Young adults of a certain age will remember the 1992 environmental agitprop movie "FernGully," in which inhabitants of the last rainforest fight to save their environment. Well, bad ideas die hard. "Furry Vengeance," a new live-action children's movie starring Brendan Fraser and Brooke Shields, picks up where "FernGully" left off, thinly veiling its tree-hugging agenda with cheap laughs and cute, furry animals.
The story revolves around a real estate developer (Brendan Fraser) who is hired to slash down a forest in Oregon and convert it into a shopping mall (enter FernGully-like bulldozers). This, of course, upsets the local woodland critters, who, as the movie's Web site says, seek revenge by turning a "peaceful cul-de-sac under construction into a battefield of epic proportions." The movie's catch phrase reads, "He came. He saw. They conquered."
Newsweek's article "The Right to Love - and Loss" pretends to fight for gay couples' "right" to divorce. Instead, it is simply a transparent ruse to fight for gay marriage. How else could gay divorce be legal unless gay marriage preceded it?
In a shining example of journalistic bias, reporter Eve Conant included seven different sources in favor of the government recognizing gay divorce (and hence, recognizing gay marriage) and quoted them 14 times in her article. Opponents, however, were represented by a single, bland quote - a two-sentence statement from the spokesman for the Texas Attorney General. "Under the Constitution and law of the State of Texas, marriage is an institution between one man and one woman. Thus the parties' arrangement from another state is not a marriage under Texas law and therefore cannot be terminated by divorce."
Jeff Anderson, a lawyer that has filed over 1,500 lawsuits against the Catholic Church, got a free 1,400-word advertisement in the Washington Post April 19. The supposedly non-opinion article was titled "Jeff Anderson, jousting with the Vatican from a small law office in St. Paul." The reporter, Peter Slevin, cast the Catholic Church as the big, bad wolf and Jeff Anderson - the "Vatican's chief American pursuer" - as the ordinary hero taking it down.
"[Anderson uses] manic energy to challenge one of the most powerful and secretive institutions in the world, a 2,000-year-old church with hundreds of millions of devoted followers," the article read. "He gets his balance from Zen Buddhism, his persistence from the reporters that felled Richard Nixon and his inspiration from the sexually abused clients who trust him to make the Roman Catholic Church pay for the sins of its fathers."
The glowing profile quoted Anderson nine times and his "longtime friend" Mike Finnegan twice. Opponents to Anderson's work were only given four sentences - three of which were nothing but one-word epithets strung together and the fourth a partial quote sandwiched between two quotes of Anderson defending himself.
The Seattle Times needs a refresher course on impartial journalism. Staff reporter Lornet Turnbull didn't even try to cover her liberal tracks as she embraced the LGBT agenda in a March 31 article: "Census Will Count Gay Couples Who Check 'Husband or Wife.'"
Turnbull's article about the LGBT community's anger toward the Census Bureau tilted in favor of the homosexual agenda with sources stacked 3-to-1.
Josh Friedes, the executive director of a Seattle LGBT advocacy group, told Turnbull that "even in the absence of federal recognition of our relationships, we have an opportunity to say on an official form that, 'Yes, we are married,' 'Yes, our relationships are every bit as equal to everyone else's.'"
No, hell hasn't frozen over but, yes, the Huffington Post now has a religion blog. The Huffington Post, a Web site devoted to rankling conservatives and pushing a liberal agenda, announced on Feb. 24 that it was launching HuffPost Religion.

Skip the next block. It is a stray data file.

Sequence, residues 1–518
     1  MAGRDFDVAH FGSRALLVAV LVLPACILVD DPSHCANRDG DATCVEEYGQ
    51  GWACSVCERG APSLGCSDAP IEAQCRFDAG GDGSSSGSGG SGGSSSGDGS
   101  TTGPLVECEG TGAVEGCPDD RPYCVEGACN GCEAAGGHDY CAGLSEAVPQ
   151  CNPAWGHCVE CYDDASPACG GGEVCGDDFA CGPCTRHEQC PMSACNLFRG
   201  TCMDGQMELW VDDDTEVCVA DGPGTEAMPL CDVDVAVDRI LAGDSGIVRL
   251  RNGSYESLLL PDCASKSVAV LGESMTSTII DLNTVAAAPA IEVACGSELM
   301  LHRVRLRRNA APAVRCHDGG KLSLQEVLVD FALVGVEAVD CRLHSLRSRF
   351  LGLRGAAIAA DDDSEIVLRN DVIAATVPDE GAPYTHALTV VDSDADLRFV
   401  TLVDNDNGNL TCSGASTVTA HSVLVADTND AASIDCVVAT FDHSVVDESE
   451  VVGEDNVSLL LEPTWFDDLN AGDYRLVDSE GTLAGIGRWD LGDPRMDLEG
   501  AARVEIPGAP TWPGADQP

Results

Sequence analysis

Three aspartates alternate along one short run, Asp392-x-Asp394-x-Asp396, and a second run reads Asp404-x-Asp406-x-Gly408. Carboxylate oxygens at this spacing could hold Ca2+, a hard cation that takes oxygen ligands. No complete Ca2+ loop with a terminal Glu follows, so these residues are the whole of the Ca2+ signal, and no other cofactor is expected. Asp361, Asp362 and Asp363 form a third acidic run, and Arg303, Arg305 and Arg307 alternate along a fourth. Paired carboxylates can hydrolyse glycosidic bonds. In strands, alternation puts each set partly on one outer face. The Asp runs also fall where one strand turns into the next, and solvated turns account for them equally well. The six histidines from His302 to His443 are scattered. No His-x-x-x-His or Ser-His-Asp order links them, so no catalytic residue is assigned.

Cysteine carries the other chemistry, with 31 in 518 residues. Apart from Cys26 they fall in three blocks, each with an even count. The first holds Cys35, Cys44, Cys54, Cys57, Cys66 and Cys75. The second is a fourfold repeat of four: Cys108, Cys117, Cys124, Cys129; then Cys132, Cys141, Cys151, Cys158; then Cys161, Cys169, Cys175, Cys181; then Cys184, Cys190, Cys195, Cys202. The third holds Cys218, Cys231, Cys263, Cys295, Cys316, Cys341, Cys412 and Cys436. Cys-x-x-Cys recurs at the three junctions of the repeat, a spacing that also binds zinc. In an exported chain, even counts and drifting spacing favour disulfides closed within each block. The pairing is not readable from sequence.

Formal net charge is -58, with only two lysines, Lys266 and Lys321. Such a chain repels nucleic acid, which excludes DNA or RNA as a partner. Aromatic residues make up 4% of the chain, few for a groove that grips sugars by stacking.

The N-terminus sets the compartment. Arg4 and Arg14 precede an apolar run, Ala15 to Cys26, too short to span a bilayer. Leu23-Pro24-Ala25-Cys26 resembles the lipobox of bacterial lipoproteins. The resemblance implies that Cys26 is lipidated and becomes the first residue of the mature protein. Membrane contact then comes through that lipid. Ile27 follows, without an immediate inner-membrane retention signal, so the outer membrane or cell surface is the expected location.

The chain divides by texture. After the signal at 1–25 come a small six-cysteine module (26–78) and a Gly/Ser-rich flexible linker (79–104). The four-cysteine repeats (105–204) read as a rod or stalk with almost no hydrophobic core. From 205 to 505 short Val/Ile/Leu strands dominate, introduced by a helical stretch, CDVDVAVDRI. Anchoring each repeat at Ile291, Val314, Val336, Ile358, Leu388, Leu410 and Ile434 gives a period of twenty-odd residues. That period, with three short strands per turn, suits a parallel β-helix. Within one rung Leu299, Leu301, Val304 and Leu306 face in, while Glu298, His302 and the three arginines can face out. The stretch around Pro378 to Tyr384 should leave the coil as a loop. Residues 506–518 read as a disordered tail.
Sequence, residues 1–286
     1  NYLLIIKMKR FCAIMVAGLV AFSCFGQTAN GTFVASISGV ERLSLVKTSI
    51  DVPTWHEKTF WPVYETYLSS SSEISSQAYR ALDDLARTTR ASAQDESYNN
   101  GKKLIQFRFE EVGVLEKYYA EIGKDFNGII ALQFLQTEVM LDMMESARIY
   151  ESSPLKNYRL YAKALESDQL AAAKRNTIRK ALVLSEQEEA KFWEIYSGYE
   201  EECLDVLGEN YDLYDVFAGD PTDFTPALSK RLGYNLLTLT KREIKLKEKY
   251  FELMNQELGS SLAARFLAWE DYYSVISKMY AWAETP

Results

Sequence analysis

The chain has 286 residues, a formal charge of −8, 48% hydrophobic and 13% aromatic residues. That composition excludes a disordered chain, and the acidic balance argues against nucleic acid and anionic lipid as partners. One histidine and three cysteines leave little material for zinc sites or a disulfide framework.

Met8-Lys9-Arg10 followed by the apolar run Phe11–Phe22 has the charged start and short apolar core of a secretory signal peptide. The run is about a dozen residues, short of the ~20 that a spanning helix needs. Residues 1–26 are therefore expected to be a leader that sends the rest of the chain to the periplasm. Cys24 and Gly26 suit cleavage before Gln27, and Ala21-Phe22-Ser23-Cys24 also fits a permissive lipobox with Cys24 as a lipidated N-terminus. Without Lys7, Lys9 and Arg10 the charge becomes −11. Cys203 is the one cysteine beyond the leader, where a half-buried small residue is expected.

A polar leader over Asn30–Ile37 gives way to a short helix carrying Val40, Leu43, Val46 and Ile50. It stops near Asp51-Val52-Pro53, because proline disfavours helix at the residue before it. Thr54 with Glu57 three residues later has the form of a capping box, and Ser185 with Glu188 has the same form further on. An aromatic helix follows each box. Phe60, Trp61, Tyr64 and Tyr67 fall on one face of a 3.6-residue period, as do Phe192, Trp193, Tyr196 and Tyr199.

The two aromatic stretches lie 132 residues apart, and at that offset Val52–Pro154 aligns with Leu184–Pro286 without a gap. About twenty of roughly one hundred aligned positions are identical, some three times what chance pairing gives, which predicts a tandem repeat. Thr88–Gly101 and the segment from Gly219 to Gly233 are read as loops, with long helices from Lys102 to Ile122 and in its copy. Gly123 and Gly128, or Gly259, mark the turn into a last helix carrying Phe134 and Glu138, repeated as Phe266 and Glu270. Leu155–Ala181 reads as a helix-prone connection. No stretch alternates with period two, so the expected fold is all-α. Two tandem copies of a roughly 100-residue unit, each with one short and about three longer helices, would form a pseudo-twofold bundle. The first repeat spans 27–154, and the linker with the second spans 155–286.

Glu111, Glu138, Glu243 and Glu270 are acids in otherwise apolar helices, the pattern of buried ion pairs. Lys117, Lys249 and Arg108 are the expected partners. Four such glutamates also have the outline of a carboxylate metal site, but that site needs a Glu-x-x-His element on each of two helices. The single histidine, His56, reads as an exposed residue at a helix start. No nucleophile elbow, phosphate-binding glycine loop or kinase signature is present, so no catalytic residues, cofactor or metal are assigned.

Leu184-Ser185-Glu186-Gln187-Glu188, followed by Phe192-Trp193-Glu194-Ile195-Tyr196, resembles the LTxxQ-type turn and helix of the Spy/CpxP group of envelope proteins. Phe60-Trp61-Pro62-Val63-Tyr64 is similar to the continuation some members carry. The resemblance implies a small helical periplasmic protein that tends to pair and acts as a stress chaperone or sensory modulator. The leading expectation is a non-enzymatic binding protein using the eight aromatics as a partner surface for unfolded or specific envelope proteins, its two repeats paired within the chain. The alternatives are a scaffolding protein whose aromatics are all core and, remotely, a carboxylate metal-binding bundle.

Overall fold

Huffington Post's co-founder, Arianna Huffington, claimed it would simply be "a section featuring a wide-ranging discussion about religion [and] spirituality," but the numbers prove that it is more of an attack on traditional Christianity than a discussion.
The site didn't waste any time throwing punches. In its first two weeks, it churned out articles by a liberal nun calling Catholicism sexist; a Rabbi claiming that Judaism will "stagnate and cease to be meaningful" unless it participates in the "green movement;" an avowed atheist comparing those who believe in God to a 7-year-old still believing in the tooth fairy; a science writer warning being religious could lead to "dangerous side-effects" such as "the crusader jihadist mentality;" and a neuroscientist calling those who believe in "obsolete religious ideas" a "lunatic fringe."
HuffPost Religion is the religion blog that hates religion, but the faith it abuses the most is Christianity.
Blame it on ClimateGate. Ever since those controversial e-mails and documents exposed manipulated climate change numbers, liberals have been scrambling to regain their footing and their followers. The Economist's cover article of their March 18th edition, "Spin, Science and Climate Change," shows just how desperate their situation is.
The subhead of the article reads, "Action on climate is justified, not because the science is certain, but precisely because it is not." Forget what the numbers say - especially the ones that don't validate climate change - The Economist "sees no reason to alter its view" on the subject. The earth is a turning into a molten lava cake and nothing will convince these journalists otherwise. For a newspaper that claims it was founded on the principle that everything "put forward [in the paper] should be subjected to the test of facts," this article didn't even meet its own criteria.
The article blamed the lack of action against climate change on everything from the recession to the health care debate to the northern hemisphere's cold winter to the ClimateGate scandal. But the biggest problem, it said, lies in politicians who, heaven forbid, have actually looked at the scientific numbers and concluded that it cannot be arguably proven that climate change even exists or, if it does, that it's caused by man or in any way threatens our existence.